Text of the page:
It’s an unfortunate reality that we were not born to be elite endurance athletes. We are not “genetic freaks,” as the saying goes. We don’t have a naturally high hematocrit, or VO2Max, or even an especially high pain tolerance, but every so often we get to feel like one. Those great runs where your legs feel like they’re flying, or a group ride where you leave everyone behind in the sprint zone with ease; they make all the training worth it. Sometimes, you can get that feeling from equipment, too; the first ride on your dream bike, finally strapping on a pair of carbon shoes, and now, flicking the vents closed on the new Bell Star Pro.
That’s right, the vents on the Star Pro can be opened or closed by a slider on the rear of the helmet. The mechanism is fairly slick; the single slider controls an internal system that opens the vents along the sides and top of the helmet with ribbed slats, and is fairly robust. At Interbike this year there was a cutaway model of the helmet that showed the system in action. With the bulk of the helmet being made out of clear plastic, we were free to play with the mechanism fully exposed, which was interesting for how solidly the slider engaged at fully-open and fully-closed.
Normally, we’d be concerned with closing all the vents off on a helmet, but the Star Pro uses something called Overbrow Ventilation, which is a set of five channels cut into the front lip of the helmet, between the pads and your head, that runs cool air over your forehead and out the back exhaust ports. This arrangement is supposed to keep you cool, even with the lack of venting over the forehead, as well as preserve the aerodynamic gains of closing the vents.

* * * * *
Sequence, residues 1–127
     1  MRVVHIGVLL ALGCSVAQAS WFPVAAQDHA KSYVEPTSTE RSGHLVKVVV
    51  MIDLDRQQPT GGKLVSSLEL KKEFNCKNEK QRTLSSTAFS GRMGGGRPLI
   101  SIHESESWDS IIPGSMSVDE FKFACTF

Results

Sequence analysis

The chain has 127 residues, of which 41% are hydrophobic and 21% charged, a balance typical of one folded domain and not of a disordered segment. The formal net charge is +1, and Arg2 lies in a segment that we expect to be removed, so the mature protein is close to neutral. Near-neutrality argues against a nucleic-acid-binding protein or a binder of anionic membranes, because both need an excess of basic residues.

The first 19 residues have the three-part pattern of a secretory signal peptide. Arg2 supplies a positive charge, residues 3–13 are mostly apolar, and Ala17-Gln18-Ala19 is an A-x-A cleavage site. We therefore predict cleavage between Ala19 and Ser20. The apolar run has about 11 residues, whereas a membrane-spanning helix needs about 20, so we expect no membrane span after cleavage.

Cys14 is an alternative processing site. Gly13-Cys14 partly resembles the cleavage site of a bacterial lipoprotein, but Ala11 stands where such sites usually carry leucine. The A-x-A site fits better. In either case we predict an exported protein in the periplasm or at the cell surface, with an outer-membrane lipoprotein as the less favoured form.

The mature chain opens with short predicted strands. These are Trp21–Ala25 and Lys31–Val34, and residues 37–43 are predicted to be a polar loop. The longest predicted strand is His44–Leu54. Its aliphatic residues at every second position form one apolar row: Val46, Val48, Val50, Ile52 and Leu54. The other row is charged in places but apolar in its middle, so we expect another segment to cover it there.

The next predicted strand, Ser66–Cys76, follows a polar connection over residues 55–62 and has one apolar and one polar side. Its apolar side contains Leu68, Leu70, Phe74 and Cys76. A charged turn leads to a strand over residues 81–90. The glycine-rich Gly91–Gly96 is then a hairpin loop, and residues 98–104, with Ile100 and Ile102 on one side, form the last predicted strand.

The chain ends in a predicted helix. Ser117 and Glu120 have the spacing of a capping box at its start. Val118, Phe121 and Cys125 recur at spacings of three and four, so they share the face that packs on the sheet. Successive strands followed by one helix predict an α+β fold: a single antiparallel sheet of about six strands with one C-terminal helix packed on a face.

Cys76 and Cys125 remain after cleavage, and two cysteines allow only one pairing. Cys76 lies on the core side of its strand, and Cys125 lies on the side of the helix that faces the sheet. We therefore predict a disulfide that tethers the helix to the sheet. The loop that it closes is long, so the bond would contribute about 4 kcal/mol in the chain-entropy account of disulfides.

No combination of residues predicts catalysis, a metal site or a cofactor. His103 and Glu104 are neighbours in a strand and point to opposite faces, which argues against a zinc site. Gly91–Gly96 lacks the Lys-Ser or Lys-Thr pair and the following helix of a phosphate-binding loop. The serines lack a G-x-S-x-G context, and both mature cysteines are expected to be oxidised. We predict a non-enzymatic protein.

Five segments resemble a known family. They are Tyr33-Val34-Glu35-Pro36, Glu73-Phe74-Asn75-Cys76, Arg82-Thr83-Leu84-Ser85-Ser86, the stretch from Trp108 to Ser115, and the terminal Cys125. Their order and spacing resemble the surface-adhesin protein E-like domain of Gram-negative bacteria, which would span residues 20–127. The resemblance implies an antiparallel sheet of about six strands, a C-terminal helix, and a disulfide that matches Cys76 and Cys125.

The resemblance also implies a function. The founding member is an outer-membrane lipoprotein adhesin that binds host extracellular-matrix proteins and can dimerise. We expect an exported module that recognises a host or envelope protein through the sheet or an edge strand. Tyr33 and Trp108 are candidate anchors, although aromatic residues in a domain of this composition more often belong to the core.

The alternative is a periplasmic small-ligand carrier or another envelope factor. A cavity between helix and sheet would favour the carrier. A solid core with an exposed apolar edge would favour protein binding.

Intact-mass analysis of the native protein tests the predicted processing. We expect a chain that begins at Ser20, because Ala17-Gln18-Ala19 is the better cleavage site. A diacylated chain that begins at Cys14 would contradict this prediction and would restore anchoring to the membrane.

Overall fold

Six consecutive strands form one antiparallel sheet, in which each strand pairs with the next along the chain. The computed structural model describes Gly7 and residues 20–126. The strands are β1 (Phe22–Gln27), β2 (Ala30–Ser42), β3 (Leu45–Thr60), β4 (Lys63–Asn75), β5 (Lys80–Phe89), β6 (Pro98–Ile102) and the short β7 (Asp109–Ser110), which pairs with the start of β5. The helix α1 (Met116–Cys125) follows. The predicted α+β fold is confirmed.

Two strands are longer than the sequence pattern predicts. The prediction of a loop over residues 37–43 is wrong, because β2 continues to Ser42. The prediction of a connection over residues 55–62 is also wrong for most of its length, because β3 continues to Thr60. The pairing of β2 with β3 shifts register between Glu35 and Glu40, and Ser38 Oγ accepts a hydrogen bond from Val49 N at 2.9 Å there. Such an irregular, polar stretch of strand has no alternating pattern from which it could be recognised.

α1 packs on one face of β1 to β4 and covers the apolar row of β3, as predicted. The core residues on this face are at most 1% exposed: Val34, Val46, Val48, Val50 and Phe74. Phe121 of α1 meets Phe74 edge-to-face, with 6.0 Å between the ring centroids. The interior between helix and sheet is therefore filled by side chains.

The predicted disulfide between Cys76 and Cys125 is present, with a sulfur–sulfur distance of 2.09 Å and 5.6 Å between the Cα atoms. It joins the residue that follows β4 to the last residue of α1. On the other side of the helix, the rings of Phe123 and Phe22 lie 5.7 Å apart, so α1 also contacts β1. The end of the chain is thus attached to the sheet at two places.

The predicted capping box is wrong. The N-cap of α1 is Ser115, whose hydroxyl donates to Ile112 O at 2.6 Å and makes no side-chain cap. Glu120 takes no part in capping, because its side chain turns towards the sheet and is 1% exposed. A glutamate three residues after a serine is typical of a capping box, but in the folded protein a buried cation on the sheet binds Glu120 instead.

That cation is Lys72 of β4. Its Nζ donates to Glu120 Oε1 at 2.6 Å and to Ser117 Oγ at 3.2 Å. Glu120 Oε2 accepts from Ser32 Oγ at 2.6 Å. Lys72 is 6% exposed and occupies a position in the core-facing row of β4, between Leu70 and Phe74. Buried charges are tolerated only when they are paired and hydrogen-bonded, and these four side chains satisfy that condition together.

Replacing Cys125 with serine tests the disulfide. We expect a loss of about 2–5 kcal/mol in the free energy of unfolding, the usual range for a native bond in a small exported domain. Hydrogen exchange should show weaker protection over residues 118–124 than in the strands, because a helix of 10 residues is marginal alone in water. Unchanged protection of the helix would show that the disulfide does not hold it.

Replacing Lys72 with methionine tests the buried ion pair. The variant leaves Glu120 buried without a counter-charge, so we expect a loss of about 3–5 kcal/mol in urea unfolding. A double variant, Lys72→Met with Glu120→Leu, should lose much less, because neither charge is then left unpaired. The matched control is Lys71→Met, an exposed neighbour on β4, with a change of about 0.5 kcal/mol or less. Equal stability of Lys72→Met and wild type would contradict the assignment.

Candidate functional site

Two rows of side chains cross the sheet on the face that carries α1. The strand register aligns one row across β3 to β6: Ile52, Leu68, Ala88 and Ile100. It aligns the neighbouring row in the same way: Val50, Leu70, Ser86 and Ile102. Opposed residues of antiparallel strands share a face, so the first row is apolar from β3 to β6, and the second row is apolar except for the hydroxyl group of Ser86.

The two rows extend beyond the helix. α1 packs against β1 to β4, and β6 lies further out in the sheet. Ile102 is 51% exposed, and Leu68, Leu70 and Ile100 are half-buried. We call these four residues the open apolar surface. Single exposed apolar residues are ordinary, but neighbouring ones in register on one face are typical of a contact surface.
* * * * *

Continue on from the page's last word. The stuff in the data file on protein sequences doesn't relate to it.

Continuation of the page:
Those gains, by the way, are purported to be significant. Bell says that the Star Pro, with the vents closed and the shield on, is the fastest helmet in the aero road segment. And with the vents open, “it proved to be near equal to a traditional road helmet over a 30-minute period.” Bell says that what they were after was to eliminate the choice between a faster helmet and a cooler helmet, opting to do both in a single lid. The result was the Star Pro, and like a lot of “why can’t we do both?” propositions, it seems to get most of each segment right, but in so many things, the little details make some of the biggest differences.
When you first put on the Star Pro, the first thing you’ll notice is that the ear straps are not adjustable in any way. This is problematic if you have longer ears than Bell has accounted for, as we found we did, and causes some irritation on longer rides. The retention straps lay perfectly flat, and even the chin strap length adjuster is of the low-profile variety, hugging your head tightly once adjusted—all in the name of aerodynamics. No more straps flapping in the wind takes some getting used to, but once you do, you wonder how older helmets felt secure without it.